Alas, this may be my last summer post (written from my sister's computer). Maybe it's a sign. Maybe I'm supposed not to write for a while, to take a break from everything....Although, in the words of Gloria Steinem, "Writing is the only thing that, when I do it, I don't feel I should be doing something else."
Please, though, just in case, check back often.
Wednesday, August 12, 2009
Dr. Bauerle let me take breaks whenever I needed to “go to the bank” [read: smoke a cigarette] and whole days off to go to the beach if a banner day was forecast. I learned my love of words from him and our mutual friend, the dictionary, and gained confidence in my writing from him. He saved every letter I ever wrote to him and my other friends in the office—Mary B, Maureen, Janice, Colette. My musings made him laugh. He thought I was clever. In fact, I remember when once he told me he couldn’t understand why I was majoring in Biology. “You could be the Erma Bombeck of [your hometown]!” he said. If only I hadn’t thought then that what I wanted to do was find the cure for cancer, or understood what a daunting task that would be, I may have changed majors. After college, he kept me on as an honorary staff member so that I could continue to attend Christmas parties and summer get-togethers. From all accounts he still has my letters with him in Florida, where he and his wife retired. And I continue to have connections with The Bauerle Bunch as we call ourselves.
But long before I got to show up late and start answering phones when I was good and ready while surrounded by supportive friends, I was more practiced at the aforementioned hard labor.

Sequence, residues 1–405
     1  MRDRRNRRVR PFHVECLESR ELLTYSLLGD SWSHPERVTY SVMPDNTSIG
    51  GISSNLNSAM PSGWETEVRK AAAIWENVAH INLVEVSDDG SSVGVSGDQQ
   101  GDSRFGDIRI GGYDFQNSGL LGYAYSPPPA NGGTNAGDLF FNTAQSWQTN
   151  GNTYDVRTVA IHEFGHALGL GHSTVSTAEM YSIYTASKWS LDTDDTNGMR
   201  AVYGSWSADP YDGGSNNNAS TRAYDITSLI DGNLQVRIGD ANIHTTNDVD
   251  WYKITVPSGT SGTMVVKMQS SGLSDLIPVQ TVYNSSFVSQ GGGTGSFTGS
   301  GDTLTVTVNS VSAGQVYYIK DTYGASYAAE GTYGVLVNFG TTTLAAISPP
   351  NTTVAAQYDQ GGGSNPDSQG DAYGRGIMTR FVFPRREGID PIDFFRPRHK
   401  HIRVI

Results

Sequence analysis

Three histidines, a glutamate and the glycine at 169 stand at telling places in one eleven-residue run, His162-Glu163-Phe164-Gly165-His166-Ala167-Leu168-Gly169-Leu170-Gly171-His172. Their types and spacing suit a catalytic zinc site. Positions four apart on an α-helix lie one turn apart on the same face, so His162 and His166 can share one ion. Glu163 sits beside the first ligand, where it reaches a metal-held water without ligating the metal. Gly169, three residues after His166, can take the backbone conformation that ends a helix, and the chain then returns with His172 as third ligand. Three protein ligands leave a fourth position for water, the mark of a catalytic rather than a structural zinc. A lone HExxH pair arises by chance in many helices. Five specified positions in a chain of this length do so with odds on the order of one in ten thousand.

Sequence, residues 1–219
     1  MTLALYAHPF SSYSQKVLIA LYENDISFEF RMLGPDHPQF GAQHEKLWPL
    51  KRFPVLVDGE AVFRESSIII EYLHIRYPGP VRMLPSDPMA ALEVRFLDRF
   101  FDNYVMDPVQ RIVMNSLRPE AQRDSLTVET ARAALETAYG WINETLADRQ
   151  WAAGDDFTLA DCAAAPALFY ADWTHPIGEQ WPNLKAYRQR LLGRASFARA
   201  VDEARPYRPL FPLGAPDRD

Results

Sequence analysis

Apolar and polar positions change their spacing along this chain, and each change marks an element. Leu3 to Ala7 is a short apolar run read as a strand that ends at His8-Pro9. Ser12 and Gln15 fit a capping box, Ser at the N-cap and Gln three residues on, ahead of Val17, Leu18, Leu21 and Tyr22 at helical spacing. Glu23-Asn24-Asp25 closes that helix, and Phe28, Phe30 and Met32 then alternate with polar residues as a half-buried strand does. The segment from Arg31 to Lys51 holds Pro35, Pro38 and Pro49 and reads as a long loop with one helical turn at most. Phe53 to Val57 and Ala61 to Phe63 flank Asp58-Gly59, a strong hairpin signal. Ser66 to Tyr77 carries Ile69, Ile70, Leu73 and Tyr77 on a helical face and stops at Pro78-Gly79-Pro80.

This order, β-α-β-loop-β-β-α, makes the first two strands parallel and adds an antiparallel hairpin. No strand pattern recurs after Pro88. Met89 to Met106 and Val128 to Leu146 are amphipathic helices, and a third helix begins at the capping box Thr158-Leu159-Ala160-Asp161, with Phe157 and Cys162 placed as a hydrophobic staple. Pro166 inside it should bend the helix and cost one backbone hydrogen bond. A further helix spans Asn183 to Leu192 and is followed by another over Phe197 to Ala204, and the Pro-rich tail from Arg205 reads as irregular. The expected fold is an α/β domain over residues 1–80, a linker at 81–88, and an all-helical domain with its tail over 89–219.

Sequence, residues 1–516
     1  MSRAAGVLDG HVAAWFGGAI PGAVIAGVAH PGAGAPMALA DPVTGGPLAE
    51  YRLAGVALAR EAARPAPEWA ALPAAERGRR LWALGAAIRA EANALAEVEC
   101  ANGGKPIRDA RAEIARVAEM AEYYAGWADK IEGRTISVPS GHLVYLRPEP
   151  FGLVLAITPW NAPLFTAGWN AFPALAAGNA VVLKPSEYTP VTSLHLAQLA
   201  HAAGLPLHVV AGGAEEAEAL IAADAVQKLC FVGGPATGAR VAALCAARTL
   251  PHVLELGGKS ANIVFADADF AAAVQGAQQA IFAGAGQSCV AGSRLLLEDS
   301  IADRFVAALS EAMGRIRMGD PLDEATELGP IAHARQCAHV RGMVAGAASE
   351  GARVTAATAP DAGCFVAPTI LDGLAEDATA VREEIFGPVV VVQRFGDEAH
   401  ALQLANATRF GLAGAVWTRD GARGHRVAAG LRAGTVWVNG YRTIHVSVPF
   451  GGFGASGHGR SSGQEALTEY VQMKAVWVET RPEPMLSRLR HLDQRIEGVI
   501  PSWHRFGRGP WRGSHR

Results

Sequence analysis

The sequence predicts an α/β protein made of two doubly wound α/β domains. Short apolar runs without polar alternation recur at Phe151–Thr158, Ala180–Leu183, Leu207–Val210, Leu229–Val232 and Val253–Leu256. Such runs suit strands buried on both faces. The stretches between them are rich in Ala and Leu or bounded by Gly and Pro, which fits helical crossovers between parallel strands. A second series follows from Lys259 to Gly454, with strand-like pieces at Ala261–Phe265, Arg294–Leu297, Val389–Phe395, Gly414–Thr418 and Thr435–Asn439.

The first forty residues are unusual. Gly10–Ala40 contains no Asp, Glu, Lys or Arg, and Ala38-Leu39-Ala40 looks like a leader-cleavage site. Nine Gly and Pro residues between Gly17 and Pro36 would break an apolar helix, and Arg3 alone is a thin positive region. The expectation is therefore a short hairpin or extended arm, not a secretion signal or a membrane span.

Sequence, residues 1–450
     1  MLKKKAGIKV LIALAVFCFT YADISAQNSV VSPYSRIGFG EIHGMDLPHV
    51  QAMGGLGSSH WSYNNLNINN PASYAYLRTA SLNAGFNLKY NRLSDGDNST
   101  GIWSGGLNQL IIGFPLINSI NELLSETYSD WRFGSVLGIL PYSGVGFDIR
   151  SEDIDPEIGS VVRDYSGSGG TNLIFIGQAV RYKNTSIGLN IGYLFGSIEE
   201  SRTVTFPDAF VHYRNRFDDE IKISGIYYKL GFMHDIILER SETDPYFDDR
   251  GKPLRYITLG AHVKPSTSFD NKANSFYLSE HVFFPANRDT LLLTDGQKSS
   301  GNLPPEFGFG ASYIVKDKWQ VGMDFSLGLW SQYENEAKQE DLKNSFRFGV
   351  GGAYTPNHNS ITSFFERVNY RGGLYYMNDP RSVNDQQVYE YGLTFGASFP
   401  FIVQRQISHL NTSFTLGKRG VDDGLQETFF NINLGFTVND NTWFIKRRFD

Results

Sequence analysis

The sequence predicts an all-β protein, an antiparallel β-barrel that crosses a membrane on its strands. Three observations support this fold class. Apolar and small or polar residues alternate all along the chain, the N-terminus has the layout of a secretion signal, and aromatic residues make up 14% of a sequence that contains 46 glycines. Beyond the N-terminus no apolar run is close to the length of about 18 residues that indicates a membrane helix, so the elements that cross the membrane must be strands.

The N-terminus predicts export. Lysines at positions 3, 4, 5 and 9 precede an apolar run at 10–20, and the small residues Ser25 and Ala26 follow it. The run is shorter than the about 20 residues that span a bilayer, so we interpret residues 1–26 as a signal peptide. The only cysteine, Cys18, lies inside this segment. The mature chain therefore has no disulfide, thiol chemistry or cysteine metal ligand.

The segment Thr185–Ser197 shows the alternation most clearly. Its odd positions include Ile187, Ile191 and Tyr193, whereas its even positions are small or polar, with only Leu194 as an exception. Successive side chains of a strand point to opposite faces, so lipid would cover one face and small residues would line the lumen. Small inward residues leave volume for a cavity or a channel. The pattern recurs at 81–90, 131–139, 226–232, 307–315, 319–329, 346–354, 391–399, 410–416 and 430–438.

The summer after 3rd grade I went to work on a broad leaf tobacco farm with my grandfather and sisters. It was my great aunt’s farm, and therefore didn’t seem obscenely cruel or illegal. I was 9. I worked there every summer until I turned 14, and could work for legal farm wage with my friends from town on a shade tobacco farm. So I did. And I loved it. I have fond memories of those summers, waiting for the grey bus to lumber down the street early in the morning, having to wash black, sticky tar off every hair on my arms in the afternoon, then napping in the one air conditioned room in our house. I also remember having money to pay for fried dough at the local firemen’s carnivals and admission tickets at Riverside (now Six Flags), and having Levi cords in every color when I went back to school.
Of course you already know about my days saying “Howdy Partner” in the Roy Rogers Drive Thru, but there was also a yet undisclosed summer I spent as a housekeeper at the local Howard Johnson’s with Jill. Only they called us chambermaids back then. “Tick tick tick [our keys would forewarn] Housekeeping!,” we’d say, feigning cheer, hoping that we wouldn’t key in on anyone, hoping against hope that at least one room would be untouched, that the flight attendant to whom the room was registered had fornicated with the pilot next door, so that we would have one less room to clean and finish with a spritz of bubble gum scented air freshener. (I swear. Bubble gum.) How we survived that summer I don’t remember. But think it had something to do with Haffenreffers at night.
More often than not, and until fairly recently, I worked two jobs at the same time. During high school summers I worked on tobacco during the day and at Roy Rogers at night. I worked as a Resident Director full time during full time graduate school, while working part time at Crate and Barrel. And I worked part time there when I was a text book editor, too. Then, when I began teaching, I waited tables at a seafood restaurant two nights a week and weekends. I took on more shifts during summer.
I clocked a lot of hours in all sorts of jobs before I took my first summer off at 35 and I appreciate every hour I spend by the pool these days, not working. In fact, I think I have earned them.
Have a seat.
Years ago a colleague of mine reported that his vehicle set afire. He returned to his Jeep after being out to find the fire department dousing what remained of it. I know. How freaky is that? But God help me, after ascertaining that no one was in the vehicle when it was ablaze, the first thought that crossed my mind was I wonder if he had a full tank of gas. That would really piss me off.